Game-based practice versus traditional practice in computer-based writing strategy training: effects on motivation and achievement
- 1.6k Downloads
Achieving sustained student engagement with practice in computer-based writing strategy training can be a challenge. One potential solution is to foster engagement by embedding practice in educational games; yet there is currently little research comparing the effectiveness of game-based practice versus more traditional forms of practice. In this study, the ARCS model (Keller, Perform Instr 26(8):1–7, 1987b) was used to investigate the motivational characteristics of different practice conditions. To this end, 175 students were randomly assigned to one of four experimental conditions: game-based, question-based, model-based, and writing-based practice. All students first learned strategies to write an essay introduction. Subsequently, students practiced using the strategies in the four different conditions. Game-based practice was expected to positively affect ARCS-related motivation toward practice. Results showed that students perceived game-based practice as significantly more interesting and engaging than question-based practice. However, although game-based practice was perceived more positively, only model-based and question-based practice demonstrated a beneficial impact on students’ ability to implement the writing strategies. These results underline the necessity of interconnecting motivational and instructional design when developing practice methods for computer-based writing strategy training.
KeywordsSerious games Game-based learning Writing strategy instruction ARCS model
We are grateful to Jianmin Dai, Rüdiger Krauße, and Russell Brandon for their assistance in programming and preparing the study materials. We also thank Antje Neuhoff, as well as the teachers and students of the participating English courses. Special thanks go to Christin Höppner, Esther Herrmann, Anna-Lena Thoms, and Monique Zimmermann for their assistance during data collection. This research was supported in part by the Institute for Education Sciences (IES R305A080589; R305A120707). Any opinions, findings, and conclusions or recommendations expressed in this material are those of the authors and do not necessarily reflect the views of the IES.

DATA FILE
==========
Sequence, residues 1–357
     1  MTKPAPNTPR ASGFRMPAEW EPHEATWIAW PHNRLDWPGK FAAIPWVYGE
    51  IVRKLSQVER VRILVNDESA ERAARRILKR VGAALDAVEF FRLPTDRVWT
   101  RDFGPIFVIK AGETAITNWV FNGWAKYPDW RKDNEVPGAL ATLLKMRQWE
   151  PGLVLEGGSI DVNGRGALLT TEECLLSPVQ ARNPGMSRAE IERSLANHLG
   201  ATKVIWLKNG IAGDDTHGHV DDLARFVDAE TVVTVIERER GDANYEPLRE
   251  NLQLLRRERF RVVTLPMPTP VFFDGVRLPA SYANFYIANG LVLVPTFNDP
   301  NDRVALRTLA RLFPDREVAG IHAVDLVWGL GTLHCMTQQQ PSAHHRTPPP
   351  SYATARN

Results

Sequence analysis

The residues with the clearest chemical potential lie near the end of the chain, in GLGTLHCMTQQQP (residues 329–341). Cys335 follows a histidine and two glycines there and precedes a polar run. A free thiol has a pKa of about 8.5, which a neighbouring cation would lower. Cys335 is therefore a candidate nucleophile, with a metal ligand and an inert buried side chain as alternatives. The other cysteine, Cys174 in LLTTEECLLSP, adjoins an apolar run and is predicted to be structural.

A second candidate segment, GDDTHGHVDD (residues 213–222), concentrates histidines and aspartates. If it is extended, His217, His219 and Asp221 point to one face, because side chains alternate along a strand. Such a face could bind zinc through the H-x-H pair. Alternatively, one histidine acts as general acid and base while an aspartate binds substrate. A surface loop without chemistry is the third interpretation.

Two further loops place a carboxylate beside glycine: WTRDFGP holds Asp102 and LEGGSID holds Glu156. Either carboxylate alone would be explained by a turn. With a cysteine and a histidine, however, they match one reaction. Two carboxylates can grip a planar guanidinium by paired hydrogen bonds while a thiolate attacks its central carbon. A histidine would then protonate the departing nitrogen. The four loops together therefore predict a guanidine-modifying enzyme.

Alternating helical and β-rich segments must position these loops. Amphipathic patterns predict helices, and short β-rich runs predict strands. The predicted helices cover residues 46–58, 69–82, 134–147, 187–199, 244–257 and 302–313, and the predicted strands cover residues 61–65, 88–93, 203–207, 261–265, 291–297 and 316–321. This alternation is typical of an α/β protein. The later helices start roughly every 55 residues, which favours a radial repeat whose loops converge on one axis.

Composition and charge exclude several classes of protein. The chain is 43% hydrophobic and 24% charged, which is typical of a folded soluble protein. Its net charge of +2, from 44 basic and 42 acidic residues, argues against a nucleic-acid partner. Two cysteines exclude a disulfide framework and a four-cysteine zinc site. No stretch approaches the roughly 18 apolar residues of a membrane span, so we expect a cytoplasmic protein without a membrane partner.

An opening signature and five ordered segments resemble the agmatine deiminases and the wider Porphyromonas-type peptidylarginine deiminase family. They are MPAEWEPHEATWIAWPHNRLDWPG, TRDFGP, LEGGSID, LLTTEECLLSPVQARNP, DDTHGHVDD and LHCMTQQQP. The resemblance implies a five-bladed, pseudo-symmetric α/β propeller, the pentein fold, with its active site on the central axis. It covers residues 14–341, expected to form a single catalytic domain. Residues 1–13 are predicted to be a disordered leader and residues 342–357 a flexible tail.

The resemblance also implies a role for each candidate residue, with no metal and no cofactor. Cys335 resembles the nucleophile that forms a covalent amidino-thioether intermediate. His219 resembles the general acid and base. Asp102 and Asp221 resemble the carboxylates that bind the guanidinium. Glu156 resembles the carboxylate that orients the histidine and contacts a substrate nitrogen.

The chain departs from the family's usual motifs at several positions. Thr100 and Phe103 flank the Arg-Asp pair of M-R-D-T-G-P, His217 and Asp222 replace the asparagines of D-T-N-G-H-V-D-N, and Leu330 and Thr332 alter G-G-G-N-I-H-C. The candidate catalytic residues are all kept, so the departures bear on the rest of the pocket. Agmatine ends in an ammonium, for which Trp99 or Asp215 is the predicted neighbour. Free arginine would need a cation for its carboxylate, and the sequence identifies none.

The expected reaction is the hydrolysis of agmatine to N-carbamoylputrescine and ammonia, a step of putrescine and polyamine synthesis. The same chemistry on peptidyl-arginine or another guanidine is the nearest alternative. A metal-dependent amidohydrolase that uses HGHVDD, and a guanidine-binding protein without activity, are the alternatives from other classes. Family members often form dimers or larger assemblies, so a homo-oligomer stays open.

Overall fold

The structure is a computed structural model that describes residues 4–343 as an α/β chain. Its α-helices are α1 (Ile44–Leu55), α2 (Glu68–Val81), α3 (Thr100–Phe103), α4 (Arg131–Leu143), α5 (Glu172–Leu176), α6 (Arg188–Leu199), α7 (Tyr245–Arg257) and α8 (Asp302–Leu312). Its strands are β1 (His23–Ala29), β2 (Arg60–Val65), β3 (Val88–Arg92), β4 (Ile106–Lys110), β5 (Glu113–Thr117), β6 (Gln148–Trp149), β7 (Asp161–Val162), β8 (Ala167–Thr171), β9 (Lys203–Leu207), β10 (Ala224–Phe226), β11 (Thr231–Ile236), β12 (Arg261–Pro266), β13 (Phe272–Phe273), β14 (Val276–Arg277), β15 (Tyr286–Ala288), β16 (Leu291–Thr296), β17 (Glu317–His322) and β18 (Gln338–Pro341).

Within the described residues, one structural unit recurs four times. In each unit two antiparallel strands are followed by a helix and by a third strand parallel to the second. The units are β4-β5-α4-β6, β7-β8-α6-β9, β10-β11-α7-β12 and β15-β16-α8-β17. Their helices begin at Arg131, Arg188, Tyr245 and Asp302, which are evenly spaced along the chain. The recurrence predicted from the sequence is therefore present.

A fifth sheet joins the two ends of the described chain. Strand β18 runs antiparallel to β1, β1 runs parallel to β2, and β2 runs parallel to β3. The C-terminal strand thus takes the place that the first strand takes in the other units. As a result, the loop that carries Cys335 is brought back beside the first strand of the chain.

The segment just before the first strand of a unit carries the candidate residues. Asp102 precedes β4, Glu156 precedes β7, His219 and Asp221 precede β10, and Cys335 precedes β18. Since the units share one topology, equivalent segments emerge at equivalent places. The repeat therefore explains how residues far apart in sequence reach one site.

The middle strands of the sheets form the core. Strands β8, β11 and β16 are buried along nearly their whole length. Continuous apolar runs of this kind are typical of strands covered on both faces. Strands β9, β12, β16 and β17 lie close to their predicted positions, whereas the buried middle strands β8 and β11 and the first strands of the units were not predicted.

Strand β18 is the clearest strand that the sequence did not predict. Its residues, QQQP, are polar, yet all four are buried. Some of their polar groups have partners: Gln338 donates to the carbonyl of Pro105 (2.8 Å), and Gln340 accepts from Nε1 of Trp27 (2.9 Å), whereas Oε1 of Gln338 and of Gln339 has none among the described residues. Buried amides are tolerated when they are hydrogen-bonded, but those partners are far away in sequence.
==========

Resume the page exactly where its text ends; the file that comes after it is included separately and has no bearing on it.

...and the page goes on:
- Aiken, L. S., & West, S. G. (1991). Multiple regression: Testing and interpreting interactions. Thousand Oaks: Sage Publications.Google Scholar
- Astleitner, H., & Lintner, P. (2004). The effects of ARCS-strategies on self-regulated learning with instructional texts. E-Journal of Instructional Science and Technology, 7(1), 15. Retrieved from http://www.ascilite.org.au/ajet/e-jist/docs/Vol7_No1/content2.htm.
- Bai, H., Pan, W., Hirumi, A., & Kebritchi, M. (2012). Assessing the effectiveness of a 3-D instructional game on improving mathematics achievement and motivation of middle school students. British Journal of Educational Technology, 43(6), 993–1003. doi: 10.1111/j.1467-8535.2011.01269.x.CrossRefGoogle Scholar
- Cameron, B., & Dwyer, F. (2005). The effect of online gaming, cognition and feedback type in facilitating delayed achievement of different learning objectives. Journal of Interactive Learning Research, 16(3), 243–258.Google Scholar
- Common European Framework of Reference for Languages: Learning, Teaching, Assessment (CEFR). Retrieved from http://www.coe.int/lang-CEFR. Accessed 12 July 2014.
- Dai, J., Raine, R. B., Roscoe, R. D., Cai, Z., & McNamara, D. S. (2011). The Writing-Pal tutoring system: Development and design. Journal of Engineering and Computer Innovations, 2(1), 1–11.Google Scholar
- Graham, S. (2006). Strategy instruction and the teaching of writing: A meta-analysis. In C. A. MacArthur, S. Graham, & J. Fitzgerald (Eds.), Handbook of writing research (pp. 187–207). New York: Guilford Press.Google Scholar
- Graham, S., MacArthur, C., & Schwartz, S. (1995). Effects of goal setting and procedural facilitation on the revising behavior and writing performance of students with writing and learning problems. Journal of Educational Psychology, 87(2), 230–240. doi: 10.1037/0022-06184.108.40.206.CrossRefGoogle Scholar